---
tags: mth302
---
# Miniproject 6
**Initial due date: Sunday, April 9 at 11:59pm ET**
## Overview
This miniproject introduces a version of Euler's Method as a numerical solution technique for systems.
**Prerequisites:** You will need to be comfortable with using Euler's method for single differential equations. You'll also benefit from some familiarity with spreadsheets or Python in order to automate the calculations.
## Background
This tutorial gives you the background you need for this assignment. Please read it and make sure you understand the concepts and the example: https://github.com/RobertTalbert/linalg-diffeq/blob/main/assignments/Euler's_Method_for_Systems.ipynb
## Assignment
1. Consider the system
$$\begin{align*}
\frac{dx}{dt} &= -y \\
\frac{dy}{dt} &= x
\end{align*}$$
You can show (but don't do it in your writeup) that $\mathbf{x}(t) = \begin{bmatrix} \cos(t) \\ \sin(t) \end{bmatrix}$ is a solution to this system. Its initial position is $\mathbf{x}(0) = [1,0]^T$ and returns to this position when $t = 2\pi$. In fact if you plot this in the phase plane, you'll see that the trajectory is a circle centered at the origin with radius 1.
(a) Use Euler's Method with a step size of $0.5$ to approximate this solution from $t = 0$ to $t = 20$. This requires 39 different sets of calculations. Show *just the first* of these by hand, then use a computer or a spreadsheet to do the rest. (*Not* a calculator!) See the end of this assignment for instructions on how to submit your calculations.
(b) Calculate the percent error in each of the calculations you made, compared with the theoretical solution $[\cos(t), \sin(t)]$ to see how far off your approximations are. Remember percent error is calculated by $\left| \dfrac{v_A - v_E}{v_E}\right| \cdot 100\%$ where $v_A$ is the approximate or observed value, and $v_E$ is the exact or expected value. Write 1-2 complete sentences summarizing what you see and then 1-2 more to explain why you think you are getting these results.
(c) and (d): Repeat parts (a) and (b) except using a step size of $0.1$. This is now 199 calculations; again show the first one and then do the rest on a computer or spreadsheet. Don't forget the 2-4 sentences to write.
(e) The points on the actual solution curve are all a distance of 1 from the origin. Is this true of the approximate solutions? Are they too far away from the origin, or too close? What will happen for other step sizes -- that is, will other approximate solutions using different step sizes be too far or too close to the origin? Write 2-4 sentences explaining what you think and why.
2. Use Euler's Method with a step size of $0.25$ to find the approximate value of the solution to the following system at $t = 1.25$:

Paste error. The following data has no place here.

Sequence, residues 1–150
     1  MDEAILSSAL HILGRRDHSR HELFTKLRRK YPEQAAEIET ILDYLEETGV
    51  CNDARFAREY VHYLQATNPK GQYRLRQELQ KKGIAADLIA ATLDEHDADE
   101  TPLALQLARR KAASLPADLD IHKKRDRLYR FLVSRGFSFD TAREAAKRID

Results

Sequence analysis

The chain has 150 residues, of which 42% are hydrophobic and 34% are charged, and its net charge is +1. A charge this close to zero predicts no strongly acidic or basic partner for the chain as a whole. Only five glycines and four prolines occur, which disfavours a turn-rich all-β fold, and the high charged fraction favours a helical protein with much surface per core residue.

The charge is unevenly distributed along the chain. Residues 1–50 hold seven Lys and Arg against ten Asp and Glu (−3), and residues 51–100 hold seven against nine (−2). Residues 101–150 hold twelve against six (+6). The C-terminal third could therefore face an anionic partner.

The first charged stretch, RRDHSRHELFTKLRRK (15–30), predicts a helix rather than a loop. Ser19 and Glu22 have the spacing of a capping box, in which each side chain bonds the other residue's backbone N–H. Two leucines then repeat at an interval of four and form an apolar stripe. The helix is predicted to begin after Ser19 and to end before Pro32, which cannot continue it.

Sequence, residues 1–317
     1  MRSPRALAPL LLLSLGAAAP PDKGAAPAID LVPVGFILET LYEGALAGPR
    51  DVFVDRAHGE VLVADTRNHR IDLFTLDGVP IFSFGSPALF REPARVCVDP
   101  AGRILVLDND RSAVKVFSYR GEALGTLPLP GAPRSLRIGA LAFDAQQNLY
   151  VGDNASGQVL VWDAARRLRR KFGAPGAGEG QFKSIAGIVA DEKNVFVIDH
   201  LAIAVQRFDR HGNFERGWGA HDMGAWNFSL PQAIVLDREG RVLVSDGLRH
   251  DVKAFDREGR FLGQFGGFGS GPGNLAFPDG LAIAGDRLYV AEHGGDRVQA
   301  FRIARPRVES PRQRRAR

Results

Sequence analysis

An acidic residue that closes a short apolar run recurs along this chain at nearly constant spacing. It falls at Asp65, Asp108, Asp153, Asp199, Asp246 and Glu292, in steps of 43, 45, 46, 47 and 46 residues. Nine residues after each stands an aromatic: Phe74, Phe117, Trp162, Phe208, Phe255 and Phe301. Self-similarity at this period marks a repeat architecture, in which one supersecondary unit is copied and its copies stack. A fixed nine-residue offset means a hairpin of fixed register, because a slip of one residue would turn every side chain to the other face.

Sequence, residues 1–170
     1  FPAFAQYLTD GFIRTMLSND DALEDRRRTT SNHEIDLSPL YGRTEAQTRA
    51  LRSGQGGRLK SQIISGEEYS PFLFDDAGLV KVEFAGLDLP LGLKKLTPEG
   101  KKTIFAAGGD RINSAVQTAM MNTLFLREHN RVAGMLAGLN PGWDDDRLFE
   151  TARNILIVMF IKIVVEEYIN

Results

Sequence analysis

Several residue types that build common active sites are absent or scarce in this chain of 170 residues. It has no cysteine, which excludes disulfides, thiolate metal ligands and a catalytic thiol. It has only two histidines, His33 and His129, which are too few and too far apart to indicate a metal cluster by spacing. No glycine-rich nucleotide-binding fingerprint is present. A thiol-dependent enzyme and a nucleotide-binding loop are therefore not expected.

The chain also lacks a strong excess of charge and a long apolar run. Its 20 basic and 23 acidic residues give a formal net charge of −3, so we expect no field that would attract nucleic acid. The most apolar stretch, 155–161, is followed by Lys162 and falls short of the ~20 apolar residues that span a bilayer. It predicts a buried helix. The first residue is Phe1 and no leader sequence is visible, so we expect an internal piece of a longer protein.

$$\begin{align*}
\frac{dx}{dt} &= y + y^2 \\
\frac{dy}{dt} &= -x + \frac{y}{5} - xy + \frac{6y^2}{5}
\end{align*}$$
given the initial condition $x(0) = 1, y(0) = 1$. Show one set of calculations, then do the rest in a computer or spreadsheet.
## Submission and Grading
### Formatting and special items for grading
Miniproject 6 involves a significant amount of numerical calculations. The writeup you produce will be different from other Miniprojects, so read the following guidelines carefully.
You may do your calculations for Euler's Method in one of two ways:
1. **Using a Google Sheet spreadsheet**. Whenever a part of a problem asks you to compute something (either Euler's Method computations or percent error computations), enter your work in an organized, easy-to-read way into your spreadsheet and do the computation using spreadsheet formulas. **You are not supposed to do every computation by hand separately!** You are supposed to use the functionality of a spreadsheet to set up a formula in a small number of cells and then apply it automatically (through dragging the formula) to other cells. If you go this route, *use a different tab for each part of each problem*. This would result in one spreadsheet with five tabs. Do not make five different spreadsheets, and do not put all the computations into a single tab on one spreadsheet. If you do either of these, your work will be marked *Incomplete* and returned without comment. When you are done with your spreadsheet, **set the permissions so that everyone with the link can comment** and then include the link in your writeup (see below).
2. **Using Python code inside a Colab notebook**. If you know some Python or are willing to learn, you may write code in a Colab notebook code cell that produces your computations automatically. As with spreadsheets *you are not supposed to do every computation by hand separately* -- the idea is to use code to automatically generate all the result you need on a particular part of a problem. If you write code, please note: **You may not use any `import` statements**, for example you may not import SciPy or NumPy; and **you must include an explanation for what your code is doing and why it works with each code cell you use**. If you import an external library like SymPy or NumPy, or if you give code with no explanation or an insufficient or irrelevant explanation, your work will be marked *Incomplete* and returned without comment.
These problems typically also ask for written explanation and sometimes mathematical work that is not a spreadsheet or Python computation. If you are using a spreadsheet, you are allowed to use a document other than a Jupyter notebook (for example a Word document) to write these up. Then be sure to insert the link to your Google Sheet inside the document.
If you are writing Python code, just put your written and math work in the Colab notebook with your code, like you usually do.